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Chamber Music Review Print

Kaprálová, Schulhoff and Others Remembered in Keowee Chamber Music Concert

November 13, 2008 - Asheville, NC:

Keowee Chamber Music is noted for presenting concerts that are intellectually intriguing. Titled “Elegy,” their most recent program included poetry, prose and music in celebration of the survival of the human spirit despite the privations imposed on Europe by Nazi Germany and the violence imposed on Jews by the Holocaust. “Elegy” was presented November 9 at UNC-Asheville’s NC Center for Creative Retirement and repeated November 13 at Pack Memorial Library’s Lord Auditorium. This reviewer attended the Pack Library concert.

Opening the program was pianist Karen Sams with Chopin’s Etude in C-sharp minor, Op. 25, No. 7. Her performance seemed a little mannered, but as the evening progressed I realized that the pianist was fighting a recalcitrant Steinway L that could use some serious attention from a technician. Sams was not hearing back from her instrument an accurate rendering of her intention. Consequently she overstressed elements that should be nuances.

Born in 1920 to a German-speaking Romanian Jewish family, Paul Antschel used a number of pen names, of which Paul Celan is the primary one. During the Holocaust, his parents died in a labor camp. The poet survived his time in a Bavarian labor camp, moved back to Romania, then to Vienna and finally to Paris. Celan professionally translated Russian and English literature into Romanian, also spoke Hebrew and French, but wrote his poetry in German. He became a French citizen and was a prominent figure in the literary world until his suicide in 1970. Mara Koslen, an Asheville poet and teacher, read an English translation of Celan’s celebrated poem “Todesfuge.” With its subject matter (concentration camp life) and fugue-like structure, it was a highly appropriate element to be included among musical selections, but its intricate structure and bullet-like phrases rendered it difficult upon first hearing. I appreciated the poem more upon studying it afterwards, both in translation and in German. The original language adds sonorities absent in English.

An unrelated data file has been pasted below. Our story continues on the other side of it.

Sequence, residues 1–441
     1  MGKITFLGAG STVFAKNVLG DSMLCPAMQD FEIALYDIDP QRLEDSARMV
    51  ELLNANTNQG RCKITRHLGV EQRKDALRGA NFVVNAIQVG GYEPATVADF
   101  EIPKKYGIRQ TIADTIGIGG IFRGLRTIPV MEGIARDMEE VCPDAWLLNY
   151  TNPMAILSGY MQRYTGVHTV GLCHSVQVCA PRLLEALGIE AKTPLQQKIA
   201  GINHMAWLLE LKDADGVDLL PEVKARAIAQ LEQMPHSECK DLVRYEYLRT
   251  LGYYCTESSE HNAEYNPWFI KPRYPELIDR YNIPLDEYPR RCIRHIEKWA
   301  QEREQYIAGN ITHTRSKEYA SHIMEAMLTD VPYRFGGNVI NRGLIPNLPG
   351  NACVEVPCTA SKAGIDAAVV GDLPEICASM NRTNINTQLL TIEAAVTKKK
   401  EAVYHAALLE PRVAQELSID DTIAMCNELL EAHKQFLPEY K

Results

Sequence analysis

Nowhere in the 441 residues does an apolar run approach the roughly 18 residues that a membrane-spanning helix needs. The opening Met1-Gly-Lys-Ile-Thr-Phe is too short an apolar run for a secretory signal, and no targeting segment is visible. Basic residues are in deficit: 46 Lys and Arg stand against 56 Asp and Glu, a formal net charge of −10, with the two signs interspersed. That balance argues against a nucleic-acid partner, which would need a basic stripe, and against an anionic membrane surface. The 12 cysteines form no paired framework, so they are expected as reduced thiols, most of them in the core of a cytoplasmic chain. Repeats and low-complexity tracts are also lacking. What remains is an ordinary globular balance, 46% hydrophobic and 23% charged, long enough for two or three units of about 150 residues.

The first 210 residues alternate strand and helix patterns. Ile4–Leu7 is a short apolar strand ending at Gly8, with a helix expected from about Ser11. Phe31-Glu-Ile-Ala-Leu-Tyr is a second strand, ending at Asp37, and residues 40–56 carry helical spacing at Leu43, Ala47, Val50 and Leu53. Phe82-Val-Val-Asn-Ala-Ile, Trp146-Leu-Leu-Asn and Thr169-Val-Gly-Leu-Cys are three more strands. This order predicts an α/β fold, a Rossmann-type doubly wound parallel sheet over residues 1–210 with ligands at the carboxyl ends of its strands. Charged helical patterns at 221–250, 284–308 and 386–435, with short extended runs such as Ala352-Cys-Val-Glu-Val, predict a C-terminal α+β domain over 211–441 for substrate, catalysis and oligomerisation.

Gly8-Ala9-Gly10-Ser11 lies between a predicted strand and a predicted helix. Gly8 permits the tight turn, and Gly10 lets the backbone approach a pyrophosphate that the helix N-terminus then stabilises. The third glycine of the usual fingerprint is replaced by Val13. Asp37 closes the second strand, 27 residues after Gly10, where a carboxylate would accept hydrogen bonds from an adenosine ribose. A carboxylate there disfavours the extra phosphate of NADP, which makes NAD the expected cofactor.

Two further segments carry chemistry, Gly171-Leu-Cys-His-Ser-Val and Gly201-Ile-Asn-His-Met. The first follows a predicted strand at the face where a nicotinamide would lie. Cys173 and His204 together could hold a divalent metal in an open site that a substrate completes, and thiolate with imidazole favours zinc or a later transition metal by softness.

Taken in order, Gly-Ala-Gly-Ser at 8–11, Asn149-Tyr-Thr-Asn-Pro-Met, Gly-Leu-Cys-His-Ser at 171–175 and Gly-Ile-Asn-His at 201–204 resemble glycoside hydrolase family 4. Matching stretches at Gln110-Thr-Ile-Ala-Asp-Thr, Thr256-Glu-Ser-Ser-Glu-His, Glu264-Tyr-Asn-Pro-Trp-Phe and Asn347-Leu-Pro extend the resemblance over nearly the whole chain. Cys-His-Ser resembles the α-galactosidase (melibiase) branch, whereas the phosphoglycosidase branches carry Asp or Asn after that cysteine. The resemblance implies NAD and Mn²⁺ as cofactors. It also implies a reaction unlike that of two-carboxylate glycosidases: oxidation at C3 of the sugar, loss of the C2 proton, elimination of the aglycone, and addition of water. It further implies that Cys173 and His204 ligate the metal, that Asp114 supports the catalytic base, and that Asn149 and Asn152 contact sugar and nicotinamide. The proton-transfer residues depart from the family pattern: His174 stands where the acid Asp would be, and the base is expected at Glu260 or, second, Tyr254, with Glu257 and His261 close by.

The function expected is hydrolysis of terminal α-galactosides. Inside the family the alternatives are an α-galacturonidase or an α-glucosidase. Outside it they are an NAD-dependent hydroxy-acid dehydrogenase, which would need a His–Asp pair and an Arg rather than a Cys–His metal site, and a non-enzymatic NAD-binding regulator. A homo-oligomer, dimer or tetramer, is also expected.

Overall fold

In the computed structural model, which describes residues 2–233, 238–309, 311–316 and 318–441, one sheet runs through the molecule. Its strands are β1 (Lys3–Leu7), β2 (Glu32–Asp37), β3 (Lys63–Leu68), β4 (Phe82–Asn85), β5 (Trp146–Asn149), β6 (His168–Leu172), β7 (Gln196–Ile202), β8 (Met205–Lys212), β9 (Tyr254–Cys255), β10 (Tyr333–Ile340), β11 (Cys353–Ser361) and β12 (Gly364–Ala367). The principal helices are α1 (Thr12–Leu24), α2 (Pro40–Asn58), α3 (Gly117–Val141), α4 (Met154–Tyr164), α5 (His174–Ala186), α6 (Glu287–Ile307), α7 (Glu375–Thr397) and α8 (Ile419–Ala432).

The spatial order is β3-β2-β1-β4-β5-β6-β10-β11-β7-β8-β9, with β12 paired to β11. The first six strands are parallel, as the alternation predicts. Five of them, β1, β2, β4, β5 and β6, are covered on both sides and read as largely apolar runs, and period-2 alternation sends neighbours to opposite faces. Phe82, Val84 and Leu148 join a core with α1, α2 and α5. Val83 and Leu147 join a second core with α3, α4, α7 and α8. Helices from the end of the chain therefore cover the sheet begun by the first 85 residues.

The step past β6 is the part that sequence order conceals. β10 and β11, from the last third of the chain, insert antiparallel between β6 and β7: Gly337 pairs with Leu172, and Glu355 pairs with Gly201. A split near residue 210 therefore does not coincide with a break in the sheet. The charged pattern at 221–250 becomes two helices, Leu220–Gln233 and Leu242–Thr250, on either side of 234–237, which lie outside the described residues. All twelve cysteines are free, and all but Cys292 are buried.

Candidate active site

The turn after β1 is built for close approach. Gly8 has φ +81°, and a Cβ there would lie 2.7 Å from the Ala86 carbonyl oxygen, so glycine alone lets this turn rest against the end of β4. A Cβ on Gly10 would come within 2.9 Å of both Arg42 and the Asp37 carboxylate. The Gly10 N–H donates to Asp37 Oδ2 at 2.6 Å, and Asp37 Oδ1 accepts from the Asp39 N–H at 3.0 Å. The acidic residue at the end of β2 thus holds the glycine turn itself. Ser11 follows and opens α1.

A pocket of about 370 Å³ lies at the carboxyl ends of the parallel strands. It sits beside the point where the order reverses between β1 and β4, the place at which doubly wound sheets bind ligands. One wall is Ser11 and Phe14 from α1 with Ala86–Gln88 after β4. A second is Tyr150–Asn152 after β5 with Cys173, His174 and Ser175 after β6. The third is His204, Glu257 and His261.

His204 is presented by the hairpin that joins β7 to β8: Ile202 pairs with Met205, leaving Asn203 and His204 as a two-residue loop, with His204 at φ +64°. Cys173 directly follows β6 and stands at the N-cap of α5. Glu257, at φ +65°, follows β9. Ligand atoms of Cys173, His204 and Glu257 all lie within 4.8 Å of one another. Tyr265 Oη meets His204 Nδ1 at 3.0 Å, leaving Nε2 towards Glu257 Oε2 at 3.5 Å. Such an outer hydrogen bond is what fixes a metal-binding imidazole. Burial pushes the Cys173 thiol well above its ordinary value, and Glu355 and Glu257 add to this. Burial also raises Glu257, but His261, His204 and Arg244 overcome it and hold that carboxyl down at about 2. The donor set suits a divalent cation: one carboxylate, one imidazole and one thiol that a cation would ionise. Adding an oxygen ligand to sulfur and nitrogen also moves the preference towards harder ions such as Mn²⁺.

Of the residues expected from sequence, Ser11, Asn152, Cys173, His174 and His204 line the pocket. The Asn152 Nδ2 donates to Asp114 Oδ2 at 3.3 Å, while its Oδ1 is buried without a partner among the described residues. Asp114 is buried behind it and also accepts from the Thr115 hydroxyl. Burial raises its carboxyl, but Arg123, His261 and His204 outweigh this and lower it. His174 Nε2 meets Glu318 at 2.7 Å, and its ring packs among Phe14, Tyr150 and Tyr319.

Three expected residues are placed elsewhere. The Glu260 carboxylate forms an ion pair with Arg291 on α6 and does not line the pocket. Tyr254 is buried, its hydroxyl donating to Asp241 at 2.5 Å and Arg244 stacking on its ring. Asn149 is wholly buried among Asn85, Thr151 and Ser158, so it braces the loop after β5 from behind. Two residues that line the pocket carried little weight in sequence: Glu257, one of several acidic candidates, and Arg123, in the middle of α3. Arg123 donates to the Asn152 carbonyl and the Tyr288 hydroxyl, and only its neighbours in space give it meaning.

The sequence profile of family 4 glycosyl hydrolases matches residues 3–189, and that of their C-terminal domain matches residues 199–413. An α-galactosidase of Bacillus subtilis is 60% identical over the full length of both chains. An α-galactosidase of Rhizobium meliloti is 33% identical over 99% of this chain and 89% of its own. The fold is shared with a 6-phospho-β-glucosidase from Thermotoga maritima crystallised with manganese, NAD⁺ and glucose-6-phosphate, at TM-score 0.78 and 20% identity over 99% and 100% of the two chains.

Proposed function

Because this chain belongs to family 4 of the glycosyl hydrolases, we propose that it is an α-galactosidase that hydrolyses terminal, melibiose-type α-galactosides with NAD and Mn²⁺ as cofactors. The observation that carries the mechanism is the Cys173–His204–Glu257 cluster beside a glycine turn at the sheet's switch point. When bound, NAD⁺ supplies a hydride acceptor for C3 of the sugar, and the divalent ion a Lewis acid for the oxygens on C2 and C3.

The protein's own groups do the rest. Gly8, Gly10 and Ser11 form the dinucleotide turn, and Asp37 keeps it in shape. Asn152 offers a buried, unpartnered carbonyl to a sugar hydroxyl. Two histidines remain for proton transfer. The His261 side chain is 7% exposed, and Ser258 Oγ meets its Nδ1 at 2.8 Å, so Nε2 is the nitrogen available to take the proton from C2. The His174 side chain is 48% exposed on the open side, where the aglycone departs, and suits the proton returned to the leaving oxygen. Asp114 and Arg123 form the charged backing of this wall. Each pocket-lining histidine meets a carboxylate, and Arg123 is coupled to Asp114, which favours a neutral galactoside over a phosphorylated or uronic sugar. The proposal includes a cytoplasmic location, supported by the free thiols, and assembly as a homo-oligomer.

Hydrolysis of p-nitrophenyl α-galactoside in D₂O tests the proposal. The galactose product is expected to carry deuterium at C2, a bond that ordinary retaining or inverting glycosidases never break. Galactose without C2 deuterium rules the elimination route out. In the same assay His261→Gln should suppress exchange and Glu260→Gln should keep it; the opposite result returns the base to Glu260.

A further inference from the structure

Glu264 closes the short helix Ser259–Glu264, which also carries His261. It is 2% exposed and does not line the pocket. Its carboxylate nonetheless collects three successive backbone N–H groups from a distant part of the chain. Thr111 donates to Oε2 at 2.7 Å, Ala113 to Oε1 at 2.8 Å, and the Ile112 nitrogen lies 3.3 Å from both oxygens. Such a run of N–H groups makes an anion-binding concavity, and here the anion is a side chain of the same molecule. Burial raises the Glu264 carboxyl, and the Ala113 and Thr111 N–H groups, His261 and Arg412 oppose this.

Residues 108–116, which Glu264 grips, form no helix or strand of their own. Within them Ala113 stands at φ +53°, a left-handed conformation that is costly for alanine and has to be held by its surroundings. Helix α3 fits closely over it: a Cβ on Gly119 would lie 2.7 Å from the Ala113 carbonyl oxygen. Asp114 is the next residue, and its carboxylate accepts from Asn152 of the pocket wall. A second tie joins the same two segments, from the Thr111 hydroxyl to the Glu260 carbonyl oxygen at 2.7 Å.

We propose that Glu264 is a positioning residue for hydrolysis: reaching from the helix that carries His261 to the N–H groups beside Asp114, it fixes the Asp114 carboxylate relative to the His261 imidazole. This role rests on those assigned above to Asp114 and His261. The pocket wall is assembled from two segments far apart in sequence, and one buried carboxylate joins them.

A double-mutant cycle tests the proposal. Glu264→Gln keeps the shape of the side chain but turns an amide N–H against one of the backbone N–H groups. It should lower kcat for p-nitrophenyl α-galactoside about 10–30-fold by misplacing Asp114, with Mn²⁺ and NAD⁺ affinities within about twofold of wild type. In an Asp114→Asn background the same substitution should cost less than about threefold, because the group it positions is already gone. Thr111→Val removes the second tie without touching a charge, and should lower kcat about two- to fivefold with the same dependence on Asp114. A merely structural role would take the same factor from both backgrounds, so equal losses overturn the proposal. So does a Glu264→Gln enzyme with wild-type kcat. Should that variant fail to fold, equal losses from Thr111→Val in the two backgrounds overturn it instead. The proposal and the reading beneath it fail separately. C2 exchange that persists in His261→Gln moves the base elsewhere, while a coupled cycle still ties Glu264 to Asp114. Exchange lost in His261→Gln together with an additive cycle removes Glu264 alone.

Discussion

Vítězslava Kaprálová, daughter of Czech composer Václav Kaprál, had studied composition with Bohuslov Martinu and Charles Munch. She fled Czechoslovakia to exile in France, where she died in 1940 aged 25, reportedly of tuberculosis. Four art songs by the gifted young composer were sung by soprano Tena Greene accompanied by Sams. The influence of Martinu and reflections of operatic composer Leoš Janáček were apparent in the competent work of Kaprálová, and one wished she had lived long enough to develop her own individual style. The talent was there; the life was too brief.

Austrian concert pianist Alice Herz Sommer survived concentration camps and is still living in England aged 105. Sommer’s friend and musicologist Elizabeth Spragins, retired from Appalachian State University, professionally delivered an appreciation of her life and positive spirit. This delivery was divided into two sections, before and after the Sonata for Flute and Piano by Erwin Schulhoff.

Schulhoff was born in 1894 in Prague and died in 1942 in the Wülzburg concentration camp. Written in 1924, the flute sonata demonstrates Schulhoff in mid-career. The four-movement sonata is conventional in its overall structure, with an allegro, scherzo, aria and rondo. Schulhoff is familiar with jazz and provides Gershwin-like riffs for piano in the playful allegro. The aria is reminiscent of Max Reger’s style. I found the rondo quite uninteresting. Flautist Kate Steinbeck gave an excellent reading of the sonata. Pianist Karen Sams was a helpful collaborator despite the limitations of the Pack Library piano. (In the scherzo there were passages written for the top octave that sounded like someone beating on a tin can, albeit a tin can that was out of tune.)

Each war of the twentieth century limited the careers of promising musicians, poets and artists, and destroyed some of them. This program reminded us once again of what civilization loses due to the savagery of conflicts engendered by nationalism and racism.

*correction to Kaprálová in title noted on 11/18/08.